Powell and Pressburger's delirious melodrama is one of the most erotic films ever to emerge from British cinema, let alone in the repressed 1940s - it was released just two years after David Lean's Brief Encounter (1945), with its more typically 'British' story of desire denied.
Starting from a controversial novel by Rumer Godden - an Englishwoman living long-term in India - Powell and Pressburger fashioned a taut melodrama of unusually fierce passions and barely contained erotic tension. Although the script never directly challenged the strict standards of the censors, it hardly needs saying that the repressed desires of nuns was not a common - or safe - subject for a British film in 1947.
Deborah Kerr, in her third film for Powell and Pressburger (following Contraband (1940) and The Life and Death of Colonel Blimp (1943)), was nominally the star of the film, playing the emotionally detached Sister Superior, secretly tormented by memories of lost love. But it was an extraordinary performance from the barely-known Kathleen Byron as the deranged Sister Ruth which really stood out. Byron had played an angel in A Matter of Life and Death (d. Powell, Pressburger, 1946), but there was nothing in that role which suggested that she was capable of a performance of such furious intensity.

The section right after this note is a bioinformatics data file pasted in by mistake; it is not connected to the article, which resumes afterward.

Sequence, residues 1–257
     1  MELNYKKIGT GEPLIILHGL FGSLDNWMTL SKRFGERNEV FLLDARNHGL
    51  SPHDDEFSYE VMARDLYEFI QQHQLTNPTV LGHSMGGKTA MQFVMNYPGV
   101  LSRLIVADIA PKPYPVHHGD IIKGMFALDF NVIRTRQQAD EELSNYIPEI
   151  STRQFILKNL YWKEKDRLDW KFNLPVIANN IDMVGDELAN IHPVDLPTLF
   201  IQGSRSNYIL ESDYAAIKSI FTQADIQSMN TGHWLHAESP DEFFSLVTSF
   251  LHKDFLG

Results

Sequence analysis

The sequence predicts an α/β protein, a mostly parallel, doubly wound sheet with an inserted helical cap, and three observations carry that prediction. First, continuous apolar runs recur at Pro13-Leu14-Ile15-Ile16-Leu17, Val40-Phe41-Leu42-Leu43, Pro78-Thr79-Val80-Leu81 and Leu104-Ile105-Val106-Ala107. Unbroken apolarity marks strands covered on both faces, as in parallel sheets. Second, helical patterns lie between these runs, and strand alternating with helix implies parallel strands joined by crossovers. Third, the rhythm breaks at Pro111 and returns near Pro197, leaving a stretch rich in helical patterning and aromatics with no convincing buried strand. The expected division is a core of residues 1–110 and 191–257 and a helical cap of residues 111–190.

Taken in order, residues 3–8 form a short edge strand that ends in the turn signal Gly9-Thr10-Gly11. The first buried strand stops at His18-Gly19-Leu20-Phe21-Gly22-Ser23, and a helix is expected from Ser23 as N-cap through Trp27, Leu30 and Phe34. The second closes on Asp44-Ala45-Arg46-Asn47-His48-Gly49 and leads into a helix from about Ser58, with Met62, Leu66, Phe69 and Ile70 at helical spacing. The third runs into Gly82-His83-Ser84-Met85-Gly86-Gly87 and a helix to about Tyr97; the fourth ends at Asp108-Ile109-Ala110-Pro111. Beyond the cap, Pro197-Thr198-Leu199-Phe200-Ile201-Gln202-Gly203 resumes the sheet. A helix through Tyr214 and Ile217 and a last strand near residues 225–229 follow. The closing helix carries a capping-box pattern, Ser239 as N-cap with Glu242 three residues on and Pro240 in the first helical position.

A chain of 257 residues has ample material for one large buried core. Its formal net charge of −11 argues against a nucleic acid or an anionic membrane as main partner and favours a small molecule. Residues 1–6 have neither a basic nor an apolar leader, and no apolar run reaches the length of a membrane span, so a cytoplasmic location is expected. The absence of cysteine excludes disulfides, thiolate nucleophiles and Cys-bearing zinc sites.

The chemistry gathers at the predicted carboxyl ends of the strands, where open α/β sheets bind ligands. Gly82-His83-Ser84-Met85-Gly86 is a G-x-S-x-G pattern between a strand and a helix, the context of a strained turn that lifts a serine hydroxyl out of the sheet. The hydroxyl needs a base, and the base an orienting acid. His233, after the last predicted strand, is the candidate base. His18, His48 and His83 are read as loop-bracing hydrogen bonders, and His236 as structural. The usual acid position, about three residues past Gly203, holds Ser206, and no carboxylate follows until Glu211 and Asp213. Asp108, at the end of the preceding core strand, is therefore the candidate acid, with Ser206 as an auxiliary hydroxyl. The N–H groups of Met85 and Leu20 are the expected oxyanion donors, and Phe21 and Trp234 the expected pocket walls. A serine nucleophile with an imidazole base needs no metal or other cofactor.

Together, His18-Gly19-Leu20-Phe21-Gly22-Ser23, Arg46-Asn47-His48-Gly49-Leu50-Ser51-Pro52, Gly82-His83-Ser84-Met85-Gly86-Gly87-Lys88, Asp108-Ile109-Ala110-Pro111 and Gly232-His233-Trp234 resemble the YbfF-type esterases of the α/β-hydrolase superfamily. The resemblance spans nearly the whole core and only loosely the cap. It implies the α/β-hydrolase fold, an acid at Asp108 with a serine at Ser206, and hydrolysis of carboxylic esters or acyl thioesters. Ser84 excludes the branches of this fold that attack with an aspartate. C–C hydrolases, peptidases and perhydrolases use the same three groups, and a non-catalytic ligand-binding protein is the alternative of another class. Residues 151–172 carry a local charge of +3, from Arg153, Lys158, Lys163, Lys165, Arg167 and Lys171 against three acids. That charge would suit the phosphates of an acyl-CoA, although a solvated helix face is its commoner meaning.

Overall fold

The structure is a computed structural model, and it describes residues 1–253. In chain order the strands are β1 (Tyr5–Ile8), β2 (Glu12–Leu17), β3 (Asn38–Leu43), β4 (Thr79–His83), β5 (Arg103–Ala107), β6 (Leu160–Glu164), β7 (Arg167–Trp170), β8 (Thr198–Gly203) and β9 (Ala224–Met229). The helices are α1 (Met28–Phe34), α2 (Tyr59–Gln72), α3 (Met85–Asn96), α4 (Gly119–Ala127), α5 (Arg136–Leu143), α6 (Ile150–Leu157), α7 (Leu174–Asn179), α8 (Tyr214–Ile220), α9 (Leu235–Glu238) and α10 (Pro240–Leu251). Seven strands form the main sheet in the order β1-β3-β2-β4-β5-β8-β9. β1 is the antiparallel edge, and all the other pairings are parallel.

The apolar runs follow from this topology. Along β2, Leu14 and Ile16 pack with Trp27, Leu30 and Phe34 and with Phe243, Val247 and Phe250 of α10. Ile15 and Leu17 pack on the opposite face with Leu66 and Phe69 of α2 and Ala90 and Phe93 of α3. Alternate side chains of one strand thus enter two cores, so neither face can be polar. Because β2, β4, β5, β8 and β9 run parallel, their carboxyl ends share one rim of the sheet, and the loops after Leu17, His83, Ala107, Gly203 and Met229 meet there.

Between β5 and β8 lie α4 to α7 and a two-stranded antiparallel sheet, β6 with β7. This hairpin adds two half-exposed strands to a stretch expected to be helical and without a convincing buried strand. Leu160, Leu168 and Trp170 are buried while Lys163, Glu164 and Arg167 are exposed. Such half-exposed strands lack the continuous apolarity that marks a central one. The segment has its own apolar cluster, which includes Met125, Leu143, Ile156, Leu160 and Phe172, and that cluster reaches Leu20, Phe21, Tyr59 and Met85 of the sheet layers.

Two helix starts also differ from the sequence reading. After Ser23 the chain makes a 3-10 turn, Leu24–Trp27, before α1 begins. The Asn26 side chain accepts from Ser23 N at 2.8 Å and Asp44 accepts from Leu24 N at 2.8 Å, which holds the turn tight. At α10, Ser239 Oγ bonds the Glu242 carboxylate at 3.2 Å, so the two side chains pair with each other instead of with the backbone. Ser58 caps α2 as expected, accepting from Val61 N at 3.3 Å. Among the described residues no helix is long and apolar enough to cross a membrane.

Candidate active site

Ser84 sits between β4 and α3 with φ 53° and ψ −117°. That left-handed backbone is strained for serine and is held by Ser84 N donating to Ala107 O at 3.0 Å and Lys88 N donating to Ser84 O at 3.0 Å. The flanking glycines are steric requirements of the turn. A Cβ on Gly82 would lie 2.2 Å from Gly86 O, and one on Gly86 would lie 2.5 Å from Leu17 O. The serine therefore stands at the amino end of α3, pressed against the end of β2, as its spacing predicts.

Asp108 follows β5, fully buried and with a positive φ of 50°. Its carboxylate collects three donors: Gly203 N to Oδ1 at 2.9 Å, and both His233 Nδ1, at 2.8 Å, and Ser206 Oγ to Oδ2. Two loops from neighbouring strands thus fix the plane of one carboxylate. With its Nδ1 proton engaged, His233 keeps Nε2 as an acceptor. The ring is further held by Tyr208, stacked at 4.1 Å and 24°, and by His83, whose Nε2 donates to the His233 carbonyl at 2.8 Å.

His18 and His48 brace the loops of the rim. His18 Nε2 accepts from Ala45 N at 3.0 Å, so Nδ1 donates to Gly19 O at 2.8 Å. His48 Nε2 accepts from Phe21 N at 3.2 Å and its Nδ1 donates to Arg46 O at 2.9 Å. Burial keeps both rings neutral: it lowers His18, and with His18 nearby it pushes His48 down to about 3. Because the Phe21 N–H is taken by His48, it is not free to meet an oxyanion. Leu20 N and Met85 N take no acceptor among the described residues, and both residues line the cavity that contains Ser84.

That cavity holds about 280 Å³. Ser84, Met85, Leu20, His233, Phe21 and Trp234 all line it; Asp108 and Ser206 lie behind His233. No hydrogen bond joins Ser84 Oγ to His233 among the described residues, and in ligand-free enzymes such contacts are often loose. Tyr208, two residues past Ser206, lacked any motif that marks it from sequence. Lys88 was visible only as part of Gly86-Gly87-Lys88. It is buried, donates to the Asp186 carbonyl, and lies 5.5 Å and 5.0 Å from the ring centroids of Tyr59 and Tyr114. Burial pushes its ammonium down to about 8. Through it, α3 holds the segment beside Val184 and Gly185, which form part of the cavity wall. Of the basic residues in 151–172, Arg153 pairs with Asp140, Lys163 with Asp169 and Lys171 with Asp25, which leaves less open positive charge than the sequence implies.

David Farrar took the role of the agent, Dean, full of macho swagger, and the catalyst for Sister Ruth's madness. It was the first of three parts for Powell and Pressburger, and anticipated his lusty, malevolent squire in Gone to Earth (1950). Among the supporting roles were Sabu, in his first work with Powell since Thief of Bagdad (1940), and an 18 year-old Jean Simmons, fresh from her success in Great Expectations (d. David Lean, 1946), as an native temptress.
In its depiction of young women torn between duty and passion, Black Narcissus has common elements with the Archers' next film The Red Shoes (1948), while its evocation of the mystical power of landscape and geography positions it in a line of Powell's work which includes The Edge of the World (1937), "I Know Where I'm Going!" (1944) and A Canterbury Tale (1945).
With the help of designer Alfred Junge and cinematographer Jack Cardiff - both rewarded with Oscars - Powell convincingly created a Himalayan convent on a Pinewood soundstage, lending the proceedings a tense, claustrophobic atmosphere. An oppressive jungle scene was filmed in a Kent tropical garden.